The women’s soccer team suffered a crippling blow to its Ivy League title chances Saturday night, falling to Dartmouth by a score of 1–0.
It was more of the same for the Bulldogs (5–5–0, 1–2–0 Ivy) as they continued a disconcerting trend. The loss to Dartmouth (5–4–2, 2–1–0) marked the fifth consecutive game in which the team entered halftime trailing, being outscored 7–0 in the first stanza during this stretch.
One would have to go back seven games to find a contest in which Yale scored in the first half. The Elis last accomplished this feat when they scored in the second minute of action against Towson on Sept. 15.
“Our goal was to go 45 minutes without giving up a goal,” head coach Rudy Meredith said. “We made it to about nine minutes left before we ended up giving up a soft goal.”
Yale came out with high intensity, and was able to efficiently connect its passes and make runs for the first twenty minutes. The offense stalled after that point, however, and Dartmouth managed to control possession for much of the remaining 70 minutes.
With exactly nine minutes left in the first half, the Big Green broke through as forward Emma Brush headed in her team-leading sixth goal of the season. Forward Corey Delaney was able to dribble past Yale forward Georgiana Wagemann ’15, who was a step slow after suffering an apparent leg injury just moments before the play. Delaney’s cross landed on the head of Brush, who managed to direct it off the far post and in past goalkeeper Rachel Ames ’16.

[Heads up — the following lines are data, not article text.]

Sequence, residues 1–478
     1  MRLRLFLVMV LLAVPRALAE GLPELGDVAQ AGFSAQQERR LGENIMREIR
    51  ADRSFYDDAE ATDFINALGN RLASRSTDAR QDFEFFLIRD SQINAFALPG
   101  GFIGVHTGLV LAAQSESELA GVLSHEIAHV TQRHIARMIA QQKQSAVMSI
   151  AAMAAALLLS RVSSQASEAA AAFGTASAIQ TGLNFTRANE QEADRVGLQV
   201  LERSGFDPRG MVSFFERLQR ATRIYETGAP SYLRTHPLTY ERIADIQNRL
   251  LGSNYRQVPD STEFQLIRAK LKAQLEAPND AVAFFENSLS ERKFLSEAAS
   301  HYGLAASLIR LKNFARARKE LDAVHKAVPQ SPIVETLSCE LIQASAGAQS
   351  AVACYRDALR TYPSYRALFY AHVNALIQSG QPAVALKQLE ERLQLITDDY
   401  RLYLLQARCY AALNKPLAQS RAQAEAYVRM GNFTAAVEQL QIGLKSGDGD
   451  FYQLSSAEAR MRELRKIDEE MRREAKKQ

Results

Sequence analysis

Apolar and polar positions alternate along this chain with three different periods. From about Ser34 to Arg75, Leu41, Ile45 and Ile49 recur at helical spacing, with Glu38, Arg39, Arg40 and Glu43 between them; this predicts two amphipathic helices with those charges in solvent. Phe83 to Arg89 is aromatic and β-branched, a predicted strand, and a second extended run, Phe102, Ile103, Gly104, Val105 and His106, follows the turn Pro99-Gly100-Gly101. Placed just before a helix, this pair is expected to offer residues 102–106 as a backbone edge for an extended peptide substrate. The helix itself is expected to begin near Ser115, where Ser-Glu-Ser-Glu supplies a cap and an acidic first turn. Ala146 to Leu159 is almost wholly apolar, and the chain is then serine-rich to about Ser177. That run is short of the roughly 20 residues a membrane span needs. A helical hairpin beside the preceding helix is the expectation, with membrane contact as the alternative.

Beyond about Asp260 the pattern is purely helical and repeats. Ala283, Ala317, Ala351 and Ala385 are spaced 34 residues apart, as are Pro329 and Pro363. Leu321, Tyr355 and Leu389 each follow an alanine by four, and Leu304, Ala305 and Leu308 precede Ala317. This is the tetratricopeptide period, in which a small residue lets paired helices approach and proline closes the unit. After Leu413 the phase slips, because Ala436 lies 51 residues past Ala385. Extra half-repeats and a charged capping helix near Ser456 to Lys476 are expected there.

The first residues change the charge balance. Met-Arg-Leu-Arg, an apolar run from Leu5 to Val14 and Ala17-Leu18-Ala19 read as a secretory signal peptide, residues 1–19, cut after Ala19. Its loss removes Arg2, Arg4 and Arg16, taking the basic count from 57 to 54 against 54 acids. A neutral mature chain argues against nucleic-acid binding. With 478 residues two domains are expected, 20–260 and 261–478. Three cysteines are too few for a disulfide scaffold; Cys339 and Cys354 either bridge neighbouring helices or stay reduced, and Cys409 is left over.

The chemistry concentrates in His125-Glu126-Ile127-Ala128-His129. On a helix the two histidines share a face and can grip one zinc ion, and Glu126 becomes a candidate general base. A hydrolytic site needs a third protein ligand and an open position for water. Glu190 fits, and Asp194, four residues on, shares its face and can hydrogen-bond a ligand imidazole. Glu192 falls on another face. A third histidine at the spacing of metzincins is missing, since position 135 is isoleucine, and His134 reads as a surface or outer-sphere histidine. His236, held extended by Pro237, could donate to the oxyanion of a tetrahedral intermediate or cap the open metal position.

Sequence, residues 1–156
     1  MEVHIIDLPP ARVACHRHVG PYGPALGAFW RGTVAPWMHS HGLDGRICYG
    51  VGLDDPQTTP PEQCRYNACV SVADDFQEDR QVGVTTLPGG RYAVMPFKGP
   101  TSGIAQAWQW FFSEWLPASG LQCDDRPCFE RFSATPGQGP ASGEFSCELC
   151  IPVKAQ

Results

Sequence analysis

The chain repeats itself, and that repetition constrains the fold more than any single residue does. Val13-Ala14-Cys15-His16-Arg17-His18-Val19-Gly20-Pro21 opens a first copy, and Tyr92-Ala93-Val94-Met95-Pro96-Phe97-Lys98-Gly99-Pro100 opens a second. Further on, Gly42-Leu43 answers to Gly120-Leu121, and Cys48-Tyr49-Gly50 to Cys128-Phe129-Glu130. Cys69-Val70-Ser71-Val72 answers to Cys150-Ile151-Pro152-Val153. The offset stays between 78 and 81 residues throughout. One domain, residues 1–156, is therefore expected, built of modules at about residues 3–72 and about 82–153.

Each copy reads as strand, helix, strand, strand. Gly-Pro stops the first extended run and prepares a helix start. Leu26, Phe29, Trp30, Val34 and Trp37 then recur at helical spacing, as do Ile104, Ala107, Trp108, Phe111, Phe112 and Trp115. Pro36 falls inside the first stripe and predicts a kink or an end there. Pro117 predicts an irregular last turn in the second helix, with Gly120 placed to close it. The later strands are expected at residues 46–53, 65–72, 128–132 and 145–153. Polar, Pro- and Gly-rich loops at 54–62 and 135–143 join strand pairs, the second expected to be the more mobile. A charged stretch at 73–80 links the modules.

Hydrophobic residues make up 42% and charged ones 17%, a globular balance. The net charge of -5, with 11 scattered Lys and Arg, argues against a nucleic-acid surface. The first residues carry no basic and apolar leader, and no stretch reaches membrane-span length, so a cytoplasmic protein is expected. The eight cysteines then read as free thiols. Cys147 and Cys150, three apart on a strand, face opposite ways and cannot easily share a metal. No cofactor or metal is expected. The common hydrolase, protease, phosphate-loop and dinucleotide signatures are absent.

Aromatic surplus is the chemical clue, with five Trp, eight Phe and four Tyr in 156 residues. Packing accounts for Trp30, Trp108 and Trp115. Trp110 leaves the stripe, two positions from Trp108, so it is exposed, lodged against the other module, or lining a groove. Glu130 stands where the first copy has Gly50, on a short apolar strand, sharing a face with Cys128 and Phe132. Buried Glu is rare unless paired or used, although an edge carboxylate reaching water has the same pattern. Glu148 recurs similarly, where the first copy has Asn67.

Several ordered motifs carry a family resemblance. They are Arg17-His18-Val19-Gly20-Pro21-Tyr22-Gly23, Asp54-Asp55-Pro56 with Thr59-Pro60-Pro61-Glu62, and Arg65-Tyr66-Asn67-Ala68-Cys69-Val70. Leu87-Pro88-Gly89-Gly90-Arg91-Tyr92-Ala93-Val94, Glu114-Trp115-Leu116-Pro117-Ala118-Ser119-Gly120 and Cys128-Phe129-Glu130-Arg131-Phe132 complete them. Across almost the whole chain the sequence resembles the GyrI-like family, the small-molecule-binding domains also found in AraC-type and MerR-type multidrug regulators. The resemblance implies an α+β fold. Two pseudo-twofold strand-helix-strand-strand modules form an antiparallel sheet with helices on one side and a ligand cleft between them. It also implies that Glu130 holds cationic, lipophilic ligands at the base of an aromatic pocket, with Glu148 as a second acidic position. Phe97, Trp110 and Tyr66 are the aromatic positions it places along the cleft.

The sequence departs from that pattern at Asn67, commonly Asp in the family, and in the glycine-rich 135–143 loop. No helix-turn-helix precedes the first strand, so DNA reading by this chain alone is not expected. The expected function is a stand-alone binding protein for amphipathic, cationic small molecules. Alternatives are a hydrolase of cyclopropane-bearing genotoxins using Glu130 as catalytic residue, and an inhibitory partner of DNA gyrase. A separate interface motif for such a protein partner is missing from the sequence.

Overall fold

The goal would stand as the game-winner, overshadowing a great performance in net by Ames. The sophomore made nine saves on the day, including two spectacular diving stops in the second half that kept Yale within striking distance.
The final score could have been more lopsided as Dartmouth outshot Yale 26 to 10, including a staggering 19 shots in the first half. The Big Green were averaging just 14.6 shots a game prior to meeting the Bulldogs.
Midfielder Meredith Speck ’15 said that numerous formation shifts may be the reason behind to the team’s lack of potency in the first half.
“I think we’re constantly trying to change our formation,” Speck said. “I think 4–3–3 is what works best for us so hopefully we’ll go with that from here on out.”
Although scoring opportunities were few and far between for the Elis, an 84th minute foul on forward Paula Hagopian ’16 in the box set up for a chance to completely shift the momentum of the game. Forward Melissa Gavin ’15, who entered the game with goals in three of the past four games and leading the Ivy League in scoring, stepped up to take the penalty for Yale.
With all in attendance holding their collective breath, Gavin’s right foot got under the strike and lifted the ball harmlessly above the crossbar.
“I would bet my house on her [Gavin] taking that penalty kick,” Meredith said. “But if I did that today, I would have been homeless.”
Yale fought to the bitter end as Hagopian found herself with a decent opportunity for an equalizer with time winding down. With mere seconds remaining, Hagopian took a shot that skated past Dartmouth goalkeeper Tatiana Saunders before rolling just right of the goal.